Saturday Special Stones – has been interrupted to bring you upcoming sabbat information…

October 25, 2008 at 11:38 am (Uncategorized)

* Samhain October 31st *
Posted by Galen

One of the Major Sabbats for Wicca/Pagan. The eve of lst November, when Celtic winter begins, is the dark counterpart of May Eve which greets the Summer. More than that, lst November for the Celts was the beginning of the year itself, and the feast of Samhain was their New Years Eve, the mysterious moment which belonged to neither past nor present, to neither this world or the Other.

Samhain is a time of divination, and communion with the dead, and on the other an  uninhibited feast of eating, drinking and defiant affirmation of life and fertility in the very face of the closing dark. Ireland’s bonfire and firework night is still Hallowe’en. In Scotland and Wales, individual family Samhain fires used to be lit, they were called Samhnagan in Scotland and Coel Coeth in Wales and were built for days ahead on the highest ground near the house. This is still a thriving custom. Now it has become more a children’s celebration.

The divination aspect of Samhain is understandable for two reasons. First, the psychic climate of the season favors it, and second, the anxiety about the coming winter demands it. The women back then use to seek to identify the husband to be, on Samhain, by conjuring up his image in a mirror. In County Donegal (it is beautiful there!) a girl would wash her nightdress three times in running water and hang it in front of the kitchen fire to dry at midnight on Samhain Eve, leaving the door open; her future husband would be drawn to enter and turn it over.

Samhain is a pagan ritual very deeply rooted in popular tradition that Christianity had to try to take over. The aspect of communion with the dead, and with other spirits, was Christianized as All Hallows, moved from its original date on 13th May to 1st November, and extended to the whole Church by Pope Gregory IV in 834. But its pagan overtones remained uncomfortably alive, and in England the Reformation abolished All Hallows. It was not formally restored by the Church of England until 1928, "on the assumption that the old pagan associations of Hallowe’en were at last really dead and forgotten…(a supposition that was certainly premature).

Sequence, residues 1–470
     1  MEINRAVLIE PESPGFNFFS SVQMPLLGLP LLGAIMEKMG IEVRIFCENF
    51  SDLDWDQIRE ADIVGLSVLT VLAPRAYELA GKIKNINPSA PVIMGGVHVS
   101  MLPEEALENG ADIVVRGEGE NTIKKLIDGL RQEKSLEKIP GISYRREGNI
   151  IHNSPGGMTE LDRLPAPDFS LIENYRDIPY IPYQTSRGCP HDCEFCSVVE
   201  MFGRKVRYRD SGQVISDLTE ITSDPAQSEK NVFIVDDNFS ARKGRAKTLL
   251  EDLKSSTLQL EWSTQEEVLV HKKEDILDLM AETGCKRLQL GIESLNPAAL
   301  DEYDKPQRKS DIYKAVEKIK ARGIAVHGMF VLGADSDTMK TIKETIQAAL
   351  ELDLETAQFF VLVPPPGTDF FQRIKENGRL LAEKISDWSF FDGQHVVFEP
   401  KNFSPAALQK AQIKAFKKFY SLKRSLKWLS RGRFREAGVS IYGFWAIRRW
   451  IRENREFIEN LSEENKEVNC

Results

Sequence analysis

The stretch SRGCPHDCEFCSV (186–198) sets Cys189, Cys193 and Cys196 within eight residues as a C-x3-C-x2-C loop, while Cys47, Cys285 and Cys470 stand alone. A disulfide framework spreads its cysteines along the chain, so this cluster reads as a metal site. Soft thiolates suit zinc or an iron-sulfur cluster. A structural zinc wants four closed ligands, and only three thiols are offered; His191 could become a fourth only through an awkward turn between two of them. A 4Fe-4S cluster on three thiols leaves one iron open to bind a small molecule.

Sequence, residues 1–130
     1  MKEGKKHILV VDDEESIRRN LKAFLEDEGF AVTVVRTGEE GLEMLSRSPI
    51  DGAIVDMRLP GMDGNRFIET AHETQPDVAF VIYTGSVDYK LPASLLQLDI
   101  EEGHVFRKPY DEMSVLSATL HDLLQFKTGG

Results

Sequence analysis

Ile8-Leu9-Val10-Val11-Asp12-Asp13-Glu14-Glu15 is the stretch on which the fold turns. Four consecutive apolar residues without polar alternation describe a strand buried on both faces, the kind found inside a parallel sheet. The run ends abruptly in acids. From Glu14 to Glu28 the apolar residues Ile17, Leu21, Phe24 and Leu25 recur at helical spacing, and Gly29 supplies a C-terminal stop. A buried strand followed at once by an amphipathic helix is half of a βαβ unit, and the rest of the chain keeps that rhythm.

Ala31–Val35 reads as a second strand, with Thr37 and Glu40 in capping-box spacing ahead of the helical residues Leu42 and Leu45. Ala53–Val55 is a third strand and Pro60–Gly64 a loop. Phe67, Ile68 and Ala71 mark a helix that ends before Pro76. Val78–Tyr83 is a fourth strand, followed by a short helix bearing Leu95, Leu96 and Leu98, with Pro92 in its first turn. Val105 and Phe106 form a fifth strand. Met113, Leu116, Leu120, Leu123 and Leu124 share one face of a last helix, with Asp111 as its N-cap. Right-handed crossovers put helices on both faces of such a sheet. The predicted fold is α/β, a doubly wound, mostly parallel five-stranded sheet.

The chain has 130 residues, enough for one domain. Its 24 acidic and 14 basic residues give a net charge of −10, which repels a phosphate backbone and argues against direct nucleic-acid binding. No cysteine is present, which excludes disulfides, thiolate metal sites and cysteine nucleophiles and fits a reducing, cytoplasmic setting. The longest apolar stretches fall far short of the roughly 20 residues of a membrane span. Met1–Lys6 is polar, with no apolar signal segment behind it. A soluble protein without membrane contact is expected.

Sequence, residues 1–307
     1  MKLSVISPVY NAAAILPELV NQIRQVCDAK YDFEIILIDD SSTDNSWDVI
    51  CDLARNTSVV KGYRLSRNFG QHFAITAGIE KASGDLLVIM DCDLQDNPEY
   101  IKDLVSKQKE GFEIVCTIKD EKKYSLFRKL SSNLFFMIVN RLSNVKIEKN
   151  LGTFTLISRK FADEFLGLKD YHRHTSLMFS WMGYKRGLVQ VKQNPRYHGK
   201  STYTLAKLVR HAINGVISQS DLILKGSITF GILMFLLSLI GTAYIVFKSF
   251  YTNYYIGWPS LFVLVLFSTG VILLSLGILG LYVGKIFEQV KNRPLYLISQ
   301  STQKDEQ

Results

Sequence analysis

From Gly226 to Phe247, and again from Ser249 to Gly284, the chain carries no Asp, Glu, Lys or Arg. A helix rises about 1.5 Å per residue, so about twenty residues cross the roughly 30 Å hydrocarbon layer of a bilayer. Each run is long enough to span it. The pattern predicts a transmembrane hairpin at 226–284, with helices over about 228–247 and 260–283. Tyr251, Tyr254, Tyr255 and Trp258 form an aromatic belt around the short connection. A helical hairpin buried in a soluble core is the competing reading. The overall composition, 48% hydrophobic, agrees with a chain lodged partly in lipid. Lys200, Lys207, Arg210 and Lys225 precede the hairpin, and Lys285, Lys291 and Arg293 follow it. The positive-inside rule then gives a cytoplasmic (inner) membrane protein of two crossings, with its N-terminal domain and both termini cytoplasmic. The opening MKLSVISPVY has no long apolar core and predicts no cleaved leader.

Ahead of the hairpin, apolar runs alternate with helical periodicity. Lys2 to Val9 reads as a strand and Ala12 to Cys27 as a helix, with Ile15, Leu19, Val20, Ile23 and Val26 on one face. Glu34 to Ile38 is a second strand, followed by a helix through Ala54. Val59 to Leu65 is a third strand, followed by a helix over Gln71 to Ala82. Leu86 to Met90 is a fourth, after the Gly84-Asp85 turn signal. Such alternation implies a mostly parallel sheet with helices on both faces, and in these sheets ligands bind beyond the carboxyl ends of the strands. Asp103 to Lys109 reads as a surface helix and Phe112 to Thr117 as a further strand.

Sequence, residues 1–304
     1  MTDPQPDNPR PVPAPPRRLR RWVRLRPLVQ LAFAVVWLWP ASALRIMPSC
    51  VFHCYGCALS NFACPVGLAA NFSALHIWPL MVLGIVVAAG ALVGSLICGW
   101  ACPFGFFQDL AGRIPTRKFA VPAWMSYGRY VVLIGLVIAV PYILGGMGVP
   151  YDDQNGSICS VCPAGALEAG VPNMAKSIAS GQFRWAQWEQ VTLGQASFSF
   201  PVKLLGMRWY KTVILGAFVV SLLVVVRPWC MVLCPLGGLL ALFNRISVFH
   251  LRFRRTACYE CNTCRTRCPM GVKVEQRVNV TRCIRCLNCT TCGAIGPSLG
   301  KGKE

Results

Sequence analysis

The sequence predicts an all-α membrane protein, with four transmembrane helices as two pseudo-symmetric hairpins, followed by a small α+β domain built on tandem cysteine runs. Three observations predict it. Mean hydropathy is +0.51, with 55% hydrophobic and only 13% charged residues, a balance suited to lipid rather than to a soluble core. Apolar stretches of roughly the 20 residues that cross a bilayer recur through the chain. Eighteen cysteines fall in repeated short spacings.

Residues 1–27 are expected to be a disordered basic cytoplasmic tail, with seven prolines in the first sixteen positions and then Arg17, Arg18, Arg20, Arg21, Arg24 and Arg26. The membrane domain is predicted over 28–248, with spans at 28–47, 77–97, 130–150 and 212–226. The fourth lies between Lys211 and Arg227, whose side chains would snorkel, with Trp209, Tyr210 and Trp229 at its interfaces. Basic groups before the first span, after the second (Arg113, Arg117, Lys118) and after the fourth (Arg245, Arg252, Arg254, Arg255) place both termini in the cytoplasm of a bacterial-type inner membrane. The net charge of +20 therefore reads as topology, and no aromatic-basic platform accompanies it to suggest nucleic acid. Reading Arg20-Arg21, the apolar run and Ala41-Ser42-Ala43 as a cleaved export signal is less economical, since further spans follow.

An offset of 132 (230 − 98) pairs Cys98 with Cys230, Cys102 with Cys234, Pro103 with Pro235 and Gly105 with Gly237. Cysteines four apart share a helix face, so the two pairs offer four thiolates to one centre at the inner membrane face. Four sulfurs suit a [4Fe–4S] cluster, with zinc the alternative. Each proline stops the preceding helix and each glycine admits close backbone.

* Samhain Candle Superstitions *
-author unknown

A burning candle placed inside a hollowed out pumpkin or jack-o-lantern on Samhain works to keep evil spirits and demons at bay.
For good luck, burn black and orange candles on Samhain. Black and Orange are the traditional colors of Samhain and Halloween. On this day their magical vibrations are at their peak.
If a candle should suddenly go out by itself on Samhain, as if it  had been blown out by wind or by breath, this is said to be a sign that a ghost has come to call.
Always burn new candles at Samhain to ensure the best of luck.
Likewise, it’s not a good idea to burn Samhain candles at any other time of the year. To do so may cause you to experience bad luck and/or strange happenings over which you will have no control.
Gazing into the flame of a candle on Samhain will enable you to peer into the future. Many witches traditionally scry candle flames on Samhain to receive clairvoyant visions.
It is believed that if a person lights a new orange-colored candle at midnight on Samhain and lets it burn until the sun rises, he or she will be the recipient of good luck.
However, according to an old legend from Europe, any person who bakes bread or journeys after sunset on Samhain (Halloween) runs the risk of conjuring forth bad luck in great abundance.

* Miscellaneous Samhain Superstitions *
-author unknown

Apples – Whoever eats an apple on Samhain eve will have good luck in the coming year. If you sleep with an apple under your pillow on Samhain eve, you will dream of your future mate. If you peel an apple on Samhain in one continuous peel, and throw the peel over your shoulder, it will land in the initial of your future spouse.
Bats – If a bat flies around a house three times, it is a death omen. When bats flit around playfully it is a sign of good weather approaching.
Bells – Bells rung at Samhain chase away evil spirits.
Cats – When cats wash their ears on Samhain, rain is coming.
Crows – Crows flying over head on Samhain is unlucky, unless there are three crows in a group, then that is lucky.
Fey – Never sit in a faery ring on Samhain.
Frogs and Toads – Don’t kill a frog or toad on Samhain, it may be a Witch. Witches often take the shape of a frog or toad on Samhain.
Hawthorne – It is extremely unwise to sit under a Hawthorne tree at Samhain – since the fey might whisk the sitter away, never to be heard from again.
Spiders – A spider in a house on Samhain was a lucky omen.

Disclaimer: No one involved in this blog or its contents may be held responsible for any adverse reactions arising from following any of the instructions/recipes on this list. It is the reader’s personal responsibility to exercise all precautions and use his or her own discretion if following any instructions or advice from this blog.

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